View Cart

Building a Parabolic Solar Oven

by Adam Weller
(Basingstoke, Hampshire, United Kingdom)

The completed project

The completed project

I just submitted a description of my solar oven, but was asked if I could add some more details, so I am making another report.

There are relatively few parabolic solar oven stories, perhaps because they are more challenging to make. I built one as an exploration of solar cooking and was pleasantly surprised. I live in England, which is certainly not the best place for a solar oven, due to usual lack of sun, which prompted me to make it quite large (Basingstoke, where I live, is on the same latitude as Calgary, Canada). I made it to have a 1.2m (4ft) diameter and 1 square metre of solar collecting area.

I built it from scratch into a parabolic shape using a single plywood sheet (1.2m by 2.4m, or 4ft by 8ft). The design for the wooden pieces was fairly complex, with two parabolically shaped main ribs holding up eight concentric rings, which were further supported by eight smaller ribs (see picture).

Using advice on this website, I used Mylar for the reflective surface, which was indeed cheap although I feel efficiency would have been much greater if I had taken extra expense. I glued a total of around 200 small mirror segments onto the wooden frame.

It took a while to build, about two weeks of work, but in the end it ended up being light and easy to point in the right direction. It is mounted on a circular base (which had been used for a fire pit)and rotates on it - important as it needs directional adjustment every 15-20 minutes. The total cost of the materials was around £40 (about $60).

It heats up very quickly and I use it for cooking some small food items, for example eggs which fully cook in 10 minutes in good conditions. It also boils water quite quickly, and so I have been able to use it to make tea (and coffee). I have also used it to cook bread; a 350g loaf cooked in a little over an hour, in poor conditions.

A parabolic oven is obviously a more work-intensive endeavor than other solar ovens, but my final result looked good and worked well.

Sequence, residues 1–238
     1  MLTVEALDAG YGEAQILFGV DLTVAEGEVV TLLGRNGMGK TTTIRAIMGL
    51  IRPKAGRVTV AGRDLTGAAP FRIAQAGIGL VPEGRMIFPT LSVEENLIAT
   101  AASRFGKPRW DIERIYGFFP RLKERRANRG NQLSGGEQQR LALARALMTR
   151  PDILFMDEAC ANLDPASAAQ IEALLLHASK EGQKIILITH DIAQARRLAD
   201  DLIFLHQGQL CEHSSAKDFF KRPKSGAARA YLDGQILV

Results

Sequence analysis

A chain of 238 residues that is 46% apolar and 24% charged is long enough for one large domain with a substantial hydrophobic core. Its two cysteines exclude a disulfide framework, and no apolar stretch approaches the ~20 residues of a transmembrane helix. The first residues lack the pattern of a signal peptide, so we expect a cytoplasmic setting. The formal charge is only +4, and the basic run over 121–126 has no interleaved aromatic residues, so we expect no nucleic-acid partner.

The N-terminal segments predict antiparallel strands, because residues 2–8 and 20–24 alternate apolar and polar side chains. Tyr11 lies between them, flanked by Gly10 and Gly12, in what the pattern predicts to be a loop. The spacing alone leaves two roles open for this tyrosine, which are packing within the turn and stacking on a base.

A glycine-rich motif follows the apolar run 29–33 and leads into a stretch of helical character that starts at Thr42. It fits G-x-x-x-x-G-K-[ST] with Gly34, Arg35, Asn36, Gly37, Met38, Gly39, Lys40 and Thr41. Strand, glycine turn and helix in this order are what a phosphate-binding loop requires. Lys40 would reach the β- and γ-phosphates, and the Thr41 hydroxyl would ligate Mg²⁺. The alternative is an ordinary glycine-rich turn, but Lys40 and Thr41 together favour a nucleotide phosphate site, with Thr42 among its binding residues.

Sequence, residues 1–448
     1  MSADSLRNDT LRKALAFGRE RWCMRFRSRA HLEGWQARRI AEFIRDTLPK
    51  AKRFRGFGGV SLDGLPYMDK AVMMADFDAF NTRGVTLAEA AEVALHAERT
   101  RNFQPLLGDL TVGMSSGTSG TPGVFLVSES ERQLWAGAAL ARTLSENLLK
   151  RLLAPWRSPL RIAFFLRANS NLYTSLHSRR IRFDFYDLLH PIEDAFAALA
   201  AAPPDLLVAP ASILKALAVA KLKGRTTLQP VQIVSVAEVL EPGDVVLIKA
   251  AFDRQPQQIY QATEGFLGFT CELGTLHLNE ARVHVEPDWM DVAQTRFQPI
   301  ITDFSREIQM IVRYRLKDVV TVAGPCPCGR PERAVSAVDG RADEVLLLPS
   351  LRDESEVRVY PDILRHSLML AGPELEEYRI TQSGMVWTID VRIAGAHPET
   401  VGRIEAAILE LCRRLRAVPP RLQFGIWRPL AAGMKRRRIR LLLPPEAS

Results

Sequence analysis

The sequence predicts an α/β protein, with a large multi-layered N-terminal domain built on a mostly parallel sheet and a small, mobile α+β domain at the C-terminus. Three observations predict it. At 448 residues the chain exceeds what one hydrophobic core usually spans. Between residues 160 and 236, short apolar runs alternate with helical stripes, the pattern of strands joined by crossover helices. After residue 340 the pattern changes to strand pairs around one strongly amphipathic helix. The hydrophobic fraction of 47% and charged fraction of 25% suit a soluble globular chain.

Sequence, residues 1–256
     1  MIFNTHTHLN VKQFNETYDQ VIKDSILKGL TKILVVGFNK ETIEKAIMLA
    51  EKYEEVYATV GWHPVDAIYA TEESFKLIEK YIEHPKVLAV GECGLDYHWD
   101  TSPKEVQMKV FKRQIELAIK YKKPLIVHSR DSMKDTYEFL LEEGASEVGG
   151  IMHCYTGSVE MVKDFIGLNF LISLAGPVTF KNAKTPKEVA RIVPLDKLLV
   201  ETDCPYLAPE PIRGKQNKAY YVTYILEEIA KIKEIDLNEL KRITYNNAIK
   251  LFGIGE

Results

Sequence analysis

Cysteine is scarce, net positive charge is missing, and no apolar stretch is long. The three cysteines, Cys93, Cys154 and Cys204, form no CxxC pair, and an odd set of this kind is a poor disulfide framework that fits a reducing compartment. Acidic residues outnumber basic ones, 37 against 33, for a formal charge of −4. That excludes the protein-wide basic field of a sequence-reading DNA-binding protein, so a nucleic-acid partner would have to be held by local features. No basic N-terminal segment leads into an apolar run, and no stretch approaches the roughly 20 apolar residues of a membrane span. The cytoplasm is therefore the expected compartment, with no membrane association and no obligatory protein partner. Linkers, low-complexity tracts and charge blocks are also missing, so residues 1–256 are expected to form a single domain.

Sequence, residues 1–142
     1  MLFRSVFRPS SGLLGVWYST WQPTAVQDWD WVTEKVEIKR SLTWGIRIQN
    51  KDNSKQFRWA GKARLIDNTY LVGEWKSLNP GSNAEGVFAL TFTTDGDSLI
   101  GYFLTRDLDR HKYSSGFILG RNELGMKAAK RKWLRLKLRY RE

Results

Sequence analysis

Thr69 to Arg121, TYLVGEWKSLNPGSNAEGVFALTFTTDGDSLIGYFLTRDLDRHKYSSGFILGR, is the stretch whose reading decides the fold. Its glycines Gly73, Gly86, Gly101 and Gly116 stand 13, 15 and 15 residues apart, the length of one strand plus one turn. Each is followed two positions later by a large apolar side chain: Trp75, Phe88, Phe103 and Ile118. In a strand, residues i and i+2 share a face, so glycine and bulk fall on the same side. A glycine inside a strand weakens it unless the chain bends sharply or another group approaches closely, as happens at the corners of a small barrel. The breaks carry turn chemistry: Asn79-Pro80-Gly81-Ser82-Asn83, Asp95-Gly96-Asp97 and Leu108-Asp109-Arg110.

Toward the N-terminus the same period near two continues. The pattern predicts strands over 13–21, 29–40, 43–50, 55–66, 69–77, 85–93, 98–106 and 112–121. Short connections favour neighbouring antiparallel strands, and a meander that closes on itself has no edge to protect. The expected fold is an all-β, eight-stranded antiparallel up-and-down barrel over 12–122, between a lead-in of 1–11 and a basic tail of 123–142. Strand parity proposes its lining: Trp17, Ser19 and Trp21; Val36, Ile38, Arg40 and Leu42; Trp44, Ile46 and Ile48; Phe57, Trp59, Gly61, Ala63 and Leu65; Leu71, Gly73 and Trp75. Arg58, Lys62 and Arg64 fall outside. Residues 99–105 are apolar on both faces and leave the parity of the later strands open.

Great Detail Adam, thank you for adding more information, and the pictures are sure helpful in understanding your design more clearly.
The frame looks nice and really well built.

I am sure this will generate some interest from others who have an inclination to create their own or similar solar cookers.

Thank you,


Click here to post comments

Join in and write your own page! It's easy to do. How? Simply click here to return to Already built your own home made Solar Oven? Share your experiences with us..

Enjoy this page? Please share it with others. Here's how...

Would you prefer to share this page with others by linking to it?

  1. Click on the HTML link code below.
  2. Copy and paste it, adding a note of your own, into your blog, a Web page, forums, a blog comment, your Facebook account, or anywhere that someone would find this page valuable.


Panel Cookers

   All Season Cooker 

   Sunflair Cooker

Box Cookers

   All American Cooker

Parabolic Cooker

   Solar Burner

Evacuated Cookers

   GoSun Stove

   GoSun Go


   Protective Covers

 Discontinued Cookers

New Financing Options available for purchase of Solar Cookers

Email Newsletter icon, E-mail Newsletter icon, Email List icon, E-mail List icon Sign up for our Email Newsletter
For Email Marketing you can trust